Book Reviews

One Nation Under God

Original and convincing, Kruse claims that the association of patriotism with Christianity comes from a libertarian reaction in American business to the New Deal.

Believe It or Not

“New atheists” like Richard Dawkins have made a splash with aggressive attacks on religion. But Michael Ruse, philosopher and reflective atheist, is not impressed.

God's Bankers

Posner’s attempt to intertwine Vatican finance with a history of the papacy—"rampant corruption, pervasive nepotism, unbridled debauchery"—isn't neutral, or correct.

The World Beyond Your Head

How can we choose to have agency over our lives when we are bombarded by choices? Crawford proposes a way to reclaim your attention span and thereby reclaim yourself

American Reckoning

Appy’s view is that American exceptionalism is an obnoxious and dangerous delusion, and his broadside against it recounts a litany of Vietnam atrocities.

Hitler's First Victims

This story is fascinating in its own right, but what makes the shootings of these four Jews a worthy subject of Timothy Ryback's arresting new book is their timing.

No Turning Back

Published posthumously, Margaret O'Gara's collection of essays introduces the ecumenical perspective to a general audience in vivid first person.

A Backpack, a Bear, and Eight Crates of Vodka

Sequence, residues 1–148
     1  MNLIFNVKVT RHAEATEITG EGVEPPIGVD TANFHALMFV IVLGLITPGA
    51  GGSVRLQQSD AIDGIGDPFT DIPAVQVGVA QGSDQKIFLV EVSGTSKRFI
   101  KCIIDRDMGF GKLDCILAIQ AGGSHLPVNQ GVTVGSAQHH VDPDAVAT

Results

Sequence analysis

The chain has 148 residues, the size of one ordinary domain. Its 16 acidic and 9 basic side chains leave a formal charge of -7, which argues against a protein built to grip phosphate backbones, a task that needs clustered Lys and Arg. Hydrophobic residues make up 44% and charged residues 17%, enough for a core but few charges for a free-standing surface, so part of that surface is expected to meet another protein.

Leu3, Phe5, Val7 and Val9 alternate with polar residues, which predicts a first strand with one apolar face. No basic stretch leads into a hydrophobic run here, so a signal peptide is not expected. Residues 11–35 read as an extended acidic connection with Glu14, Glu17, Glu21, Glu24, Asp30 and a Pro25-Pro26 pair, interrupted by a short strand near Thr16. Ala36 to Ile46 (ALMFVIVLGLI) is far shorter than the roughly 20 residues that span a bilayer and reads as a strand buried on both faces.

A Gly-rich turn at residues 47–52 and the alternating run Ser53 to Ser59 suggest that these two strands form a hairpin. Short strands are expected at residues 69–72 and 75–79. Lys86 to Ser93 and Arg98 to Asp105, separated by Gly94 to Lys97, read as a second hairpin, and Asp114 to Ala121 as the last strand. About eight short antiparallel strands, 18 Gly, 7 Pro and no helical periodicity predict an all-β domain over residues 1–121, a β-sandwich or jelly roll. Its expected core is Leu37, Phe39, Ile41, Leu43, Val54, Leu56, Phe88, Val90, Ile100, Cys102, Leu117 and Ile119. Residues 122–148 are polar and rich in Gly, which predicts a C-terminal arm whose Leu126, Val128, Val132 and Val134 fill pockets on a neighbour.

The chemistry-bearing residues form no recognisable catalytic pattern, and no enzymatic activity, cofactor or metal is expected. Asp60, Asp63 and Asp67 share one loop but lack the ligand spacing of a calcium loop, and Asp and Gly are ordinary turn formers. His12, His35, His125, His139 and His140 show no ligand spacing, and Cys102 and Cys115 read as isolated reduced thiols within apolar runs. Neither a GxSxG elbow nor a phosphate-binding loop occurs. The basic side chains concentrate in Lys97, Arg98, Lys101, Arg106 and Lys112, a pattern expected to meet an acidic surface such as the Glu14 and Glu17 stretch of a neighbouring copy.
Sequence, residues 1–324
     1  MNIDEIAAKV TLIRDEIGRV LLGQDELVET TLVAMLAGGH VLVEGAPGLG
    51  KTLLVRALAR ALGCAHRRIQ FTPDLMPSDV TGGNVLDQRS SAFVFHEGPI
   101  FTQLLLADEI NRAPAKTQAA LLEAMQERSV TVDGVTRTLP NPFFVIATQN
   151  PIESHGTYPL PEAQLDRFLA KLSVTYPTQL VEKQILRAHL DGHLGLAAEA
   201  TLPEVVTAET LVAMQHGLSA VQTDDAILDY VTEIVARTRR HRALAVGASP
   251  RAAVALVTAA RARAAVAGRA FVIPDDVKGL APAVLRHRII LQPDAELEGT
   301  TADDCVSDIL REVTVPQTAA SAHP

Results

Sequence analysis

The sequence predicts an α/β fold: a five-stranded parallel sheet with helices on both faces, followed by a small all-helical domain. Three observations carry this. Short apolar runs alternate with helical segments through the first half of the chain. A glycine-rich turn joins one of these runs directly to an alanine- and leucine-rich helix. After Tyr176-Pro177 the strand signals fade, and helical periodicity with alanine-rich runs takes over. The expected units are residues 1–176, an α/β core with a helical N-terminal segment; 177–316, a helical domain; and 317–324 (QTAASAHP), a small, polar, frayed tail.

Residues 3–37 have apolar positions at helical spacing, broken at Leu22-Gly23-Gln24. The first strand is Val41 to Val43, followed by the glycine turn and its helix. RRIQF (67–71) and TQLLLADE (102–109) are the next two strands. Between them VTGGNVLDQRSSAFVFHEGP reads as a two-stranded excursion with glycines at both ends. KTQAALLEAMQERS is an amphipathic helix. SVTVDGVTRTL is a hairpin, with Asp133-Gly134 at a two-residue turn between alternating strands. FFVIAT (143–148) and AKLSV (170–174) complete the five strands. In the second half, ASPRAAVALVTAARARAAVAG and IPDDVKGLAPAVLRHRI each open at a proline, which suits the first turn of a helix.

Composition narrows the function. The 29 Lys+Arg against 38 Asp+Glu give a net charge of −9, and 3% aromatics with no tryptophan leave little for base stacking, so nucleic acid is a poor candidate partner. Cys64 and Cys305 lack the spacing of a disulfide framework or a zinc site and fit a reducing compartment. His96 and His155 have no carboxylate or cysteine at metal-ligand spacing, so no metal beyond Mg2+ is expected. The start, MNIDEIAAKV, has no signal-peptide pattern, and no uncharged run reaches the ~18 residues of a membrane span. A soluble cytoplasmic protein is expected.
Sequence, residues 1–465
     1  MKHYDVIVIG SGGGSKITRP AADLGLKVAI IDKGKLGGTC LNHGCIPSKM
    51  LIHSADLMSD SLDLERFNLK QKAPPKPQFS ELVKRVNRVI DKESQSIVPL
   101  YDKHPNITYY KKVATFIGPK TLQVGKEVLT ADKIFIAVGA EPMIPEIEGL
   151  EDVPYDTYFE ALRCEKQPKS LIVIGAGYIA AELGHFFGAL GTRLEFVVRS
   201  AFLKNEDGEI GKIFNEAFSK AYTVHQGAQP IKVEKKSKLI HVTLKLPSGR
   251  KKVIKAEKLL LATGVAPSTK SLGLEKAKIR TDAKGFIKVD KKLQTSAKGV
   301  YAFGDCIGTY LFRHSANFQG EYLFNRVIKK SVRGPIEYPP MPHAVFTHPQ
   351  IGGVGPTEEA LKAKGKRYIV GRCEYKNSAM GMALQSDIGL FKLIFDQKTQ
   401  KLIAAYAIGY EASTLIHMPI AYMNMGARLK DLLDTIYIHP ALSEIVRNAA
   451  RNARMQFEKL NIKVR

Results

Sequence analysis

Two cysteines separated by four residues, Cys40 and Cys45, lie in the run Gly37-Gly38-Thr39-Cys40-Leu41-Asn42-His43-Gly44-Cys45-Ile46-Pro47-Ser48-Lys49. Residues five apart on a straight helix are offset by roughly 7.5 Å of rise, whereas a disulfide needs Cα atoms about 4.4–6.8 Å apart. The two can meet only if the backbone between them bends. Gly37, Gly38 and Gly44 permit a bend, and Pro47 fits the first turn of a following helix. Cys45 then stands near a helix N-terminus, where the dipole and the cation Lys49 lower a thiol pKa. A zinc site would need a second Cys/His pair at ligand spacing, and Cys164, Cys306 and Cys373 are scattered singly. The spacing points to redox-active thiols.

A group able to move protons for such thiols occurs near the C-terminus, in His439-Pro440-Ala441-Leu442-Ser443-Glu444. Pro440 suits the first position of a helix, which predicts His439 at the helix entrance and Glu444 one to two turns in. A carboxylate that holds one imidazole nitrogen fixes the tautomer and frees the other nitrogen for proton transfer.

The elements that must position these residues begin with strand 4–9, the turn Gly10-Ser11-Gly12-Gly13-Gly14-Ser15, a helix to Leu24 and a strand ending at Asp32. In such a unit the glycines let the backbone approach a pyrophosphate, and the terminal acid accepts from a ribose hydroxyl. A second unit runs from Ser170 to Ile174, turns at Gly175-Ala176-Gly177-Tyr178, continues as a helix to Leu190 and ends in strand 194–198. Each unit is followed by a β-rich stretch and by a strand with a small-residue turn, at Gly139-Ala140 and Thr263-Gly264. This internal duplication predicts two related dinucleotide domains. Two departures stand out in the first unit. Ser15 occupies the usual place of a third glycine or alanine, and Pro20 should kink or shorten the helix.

The humorous tone of Lev Golinkin’s new memoir doesn’t prevent him from engaging with topics of deadly importance: tryanny, communism, anti-Semitism, and childhood.

The Future of the Catholic Church with Pope Francis

Readers expecting a tour de force of church history shouldn't. The question for Wills is this: Why do we need the church or Pope Francis to remind us of God’s love?

Diary of the Fall

Through the eyes of a middle-aged alcoholic grandson of an Auschwitz survivor, Michel Raub's fifth novel contemplates the infinite ways humans torment each other.

Distant Neighbors

Wendell Berry and Gary Snyder's correspondence narrates the tension between a place-based way of life and the travel schedule of a prominent writer, beautifully.

No Man's Land

Samet’s memoir has a bone to pick with American society and the Army itself—both, she believes, failed her former West Point cadets, soldiers who never returned.